Design's Next Big Frontier? Shaping Behavior In Real Time Other than Michael Bay's already legendary meltdown, the hottest topics of discussion at this year's Consumer Electronics Show are largely wearable and connected. In part, this is just an outcome of consumer expectations: a wearable device is the next step smaller than a smartphone, and we now have the tiny technology to make it work. But after a long morning examining smart bracelets, smart watches, smart headgear, and smart sporting goods on the CES show floor, it’s clear that there’s a much deeper potential hidden in the cracks. This is because small devices with embedded intelligence can do more than just measure; they’re showing their potential to change the way we act. The idea of using technology to change behavior is something we've been hearing about for a few years now, in articles talking about the surprising effectiveness of "Your Speed" radar boxes on the side of the road, or the subtle tricks video games and social networking sites use to encourage certain actions.
An Easy Internet of Things Interface With the advent of the Internet of things, potentially billions of devices will report data about themselves, making it possible to create new applications in areas as diverse as factory optimization, car maintenance, or simply keeping track of your stuff online. But doing this today requires at least some degree of programming knowledge. Now Bug Labs, a New York City company, is trying to make it as easy to create an Internet of things application as it is to put a file into Dropbox. With a new service called Freeboard, Bug Labs is giving people a simple one-click way to publish data from a “thing” to its own Web page (Bug Labs calls this “dweeting”). Freeboard, expected to be launched Tuesday, makes sense of such streams of data. Freeboard is not the most technically sophisticated Internet of things application platform. Prasad showed how Freeboard could quickly unlock the value of vehicle-generated data.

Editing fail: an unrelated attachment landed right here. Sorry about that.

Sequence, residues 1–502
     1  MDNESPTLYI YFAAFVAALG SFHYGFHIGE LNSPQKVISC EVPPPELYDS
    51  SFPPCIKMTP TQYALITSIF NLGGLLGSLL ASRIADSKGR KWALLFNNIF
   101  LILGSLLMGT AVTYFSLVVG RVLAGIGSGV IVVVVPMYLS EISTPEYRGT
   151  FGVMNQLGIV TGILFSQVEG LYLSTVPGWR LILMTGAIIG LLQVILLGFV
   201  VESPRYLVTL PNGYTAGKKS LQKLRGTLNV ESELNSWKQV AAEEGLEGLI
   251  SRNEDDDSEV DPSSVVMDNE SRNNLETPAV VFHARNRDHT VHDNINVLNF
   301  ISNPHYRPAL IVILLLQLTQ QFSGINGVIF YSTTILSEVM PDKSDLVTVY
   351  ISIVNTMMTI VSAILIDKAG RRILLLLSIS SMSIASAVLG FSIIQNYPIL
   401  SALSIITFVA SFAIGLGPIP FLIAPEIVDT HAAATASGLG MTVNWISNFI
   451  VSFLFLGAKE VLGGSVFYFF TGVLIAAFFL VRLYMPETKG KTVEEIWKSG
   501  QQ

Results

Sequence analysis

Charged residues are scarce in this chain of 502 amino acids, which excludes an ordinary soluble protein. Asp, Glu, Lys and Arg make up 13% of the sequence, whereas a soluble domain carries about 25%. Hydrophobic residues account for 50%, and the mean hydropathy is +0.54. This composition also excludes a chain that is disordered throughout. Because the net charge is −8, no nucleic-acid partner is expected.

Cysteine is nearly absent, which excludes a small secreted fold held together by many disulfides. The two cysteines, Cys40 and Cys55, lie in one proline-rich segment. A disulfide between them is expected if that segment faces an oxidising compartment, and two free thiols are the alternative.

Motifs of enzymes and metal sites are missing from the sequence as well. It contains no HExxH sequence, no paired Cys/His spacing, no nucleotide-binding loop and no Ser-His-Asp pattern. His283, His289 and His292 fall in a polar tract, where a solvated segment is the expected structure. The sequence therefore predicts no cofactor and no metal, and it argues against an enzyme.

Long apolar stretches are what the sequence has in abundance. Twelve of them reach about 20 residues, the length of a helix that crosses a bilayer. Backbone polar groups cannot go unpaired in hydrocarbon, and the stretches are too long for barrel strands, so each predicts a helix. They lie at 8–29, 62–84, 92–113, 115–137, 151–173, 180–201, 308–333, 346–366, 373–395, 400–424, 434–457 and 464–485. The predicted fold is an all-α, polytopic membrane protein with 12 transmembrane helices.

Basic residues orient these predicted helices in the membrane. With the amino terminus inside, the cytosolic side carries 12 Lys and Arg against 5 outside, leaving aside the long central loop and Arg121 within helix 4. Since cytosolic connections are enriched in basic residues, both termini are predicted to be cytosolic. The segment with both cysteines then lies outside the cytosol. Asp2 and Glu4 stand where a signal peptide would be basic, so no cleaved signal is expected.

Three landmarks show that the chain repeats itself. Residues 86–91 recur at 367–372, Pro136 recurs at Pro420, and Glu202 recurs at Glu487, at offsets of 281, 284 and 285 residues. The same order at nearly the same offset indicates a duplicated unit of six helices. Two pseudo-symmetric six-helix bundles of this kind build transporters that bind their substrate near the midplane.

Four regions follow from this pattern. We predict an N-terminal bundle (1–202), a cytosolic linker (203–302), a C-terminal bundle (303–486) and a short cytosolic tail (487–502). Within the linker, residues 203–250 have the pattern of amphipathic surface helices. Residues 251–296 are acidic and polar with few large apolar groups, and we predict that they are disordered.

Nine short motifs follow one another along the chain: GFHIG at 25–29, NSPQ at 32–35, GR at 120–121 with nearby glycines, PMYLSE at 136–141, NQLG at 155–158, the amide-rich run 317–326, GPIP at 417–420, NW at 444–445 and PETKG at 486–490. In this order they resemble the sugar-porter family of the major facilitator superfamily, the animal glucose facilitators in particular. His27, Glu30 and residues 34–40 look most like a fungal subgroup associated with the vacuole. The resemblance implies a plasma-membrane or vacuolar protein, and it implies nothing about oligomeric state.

Slides for “Designing for the Internet of Things” at HOW Design Live 2014 By David Sherwin - May 14, 2014 Off the Page Into the Wild: Designing For the Internet of Things from frog We no longer live in a disconnected world. Ubiquitous, flexible communication has become the norm. At this year’s HOW Design Live, I was able share some of the tools we use to create design solutions for connected devices, in collaboration with Jennifer Dunnam, a senior interaction designer from our New York studio. In our talk, we underscored that the most valuable aspect of the IoT is the human element. For Wearable Tech Brands, a Lesson from EVs in Drive to Mass Adoption The discontinuation of Nike’s FuelBand hardware has posed new questions to the emerging category of wearable tech and how to make it a mass-market success. A hint was given by the recent Nielsen Connected Life report that explored the appeal of wearable tech among early adopters. According to the wearable tech users surveyed by Nielsen, the consumption of “wearable screens” is mainly driven by the desire to supplement their smartphone addiction and their self-monitoring ability. The same report also revealed the preferred features of respondents: functionality (81%), comfort (79%), accuracy (70%), battery life (64%), and durability (82% smartwatch and 63% fitness band owners). With the exception of comfort, however, utilitarianism does not favor brand loyalty. For mass-consumer goods, performance and cost are still crucial, but consumers are mainly favoring brands that reinforce a desired sense of identity. Dr.
Designing for Wearable Technology — User Experience Research Wearable technology is more than just crap on your wrist, and more than the typical rectangular screen. We are obsessed with the visual, but wearable technology is so much more than what you see. How do we design these objects, challenging the norms while still keeping the end user in mind? We’re starting to mash up user experience and industrial design to create new skill sets for this booming tech movement. So what are you talking about? How are we supposed to take what we know from websites and mobile apps and apply it to wearables? Close your eyes with your phone in your hand. What can you still do with your mobile device now that your vision is gone? You can talk to Siri, or maybe you can feel the vibrations of incoming messages. What is Wearable Tech? We know that strapping an iPhone to your wrist does not make it wearable technology. It’s not bad design, it’s just boring design. Designing Without the Visual Agreed Meanings Let’s try out an example of designing for wearables.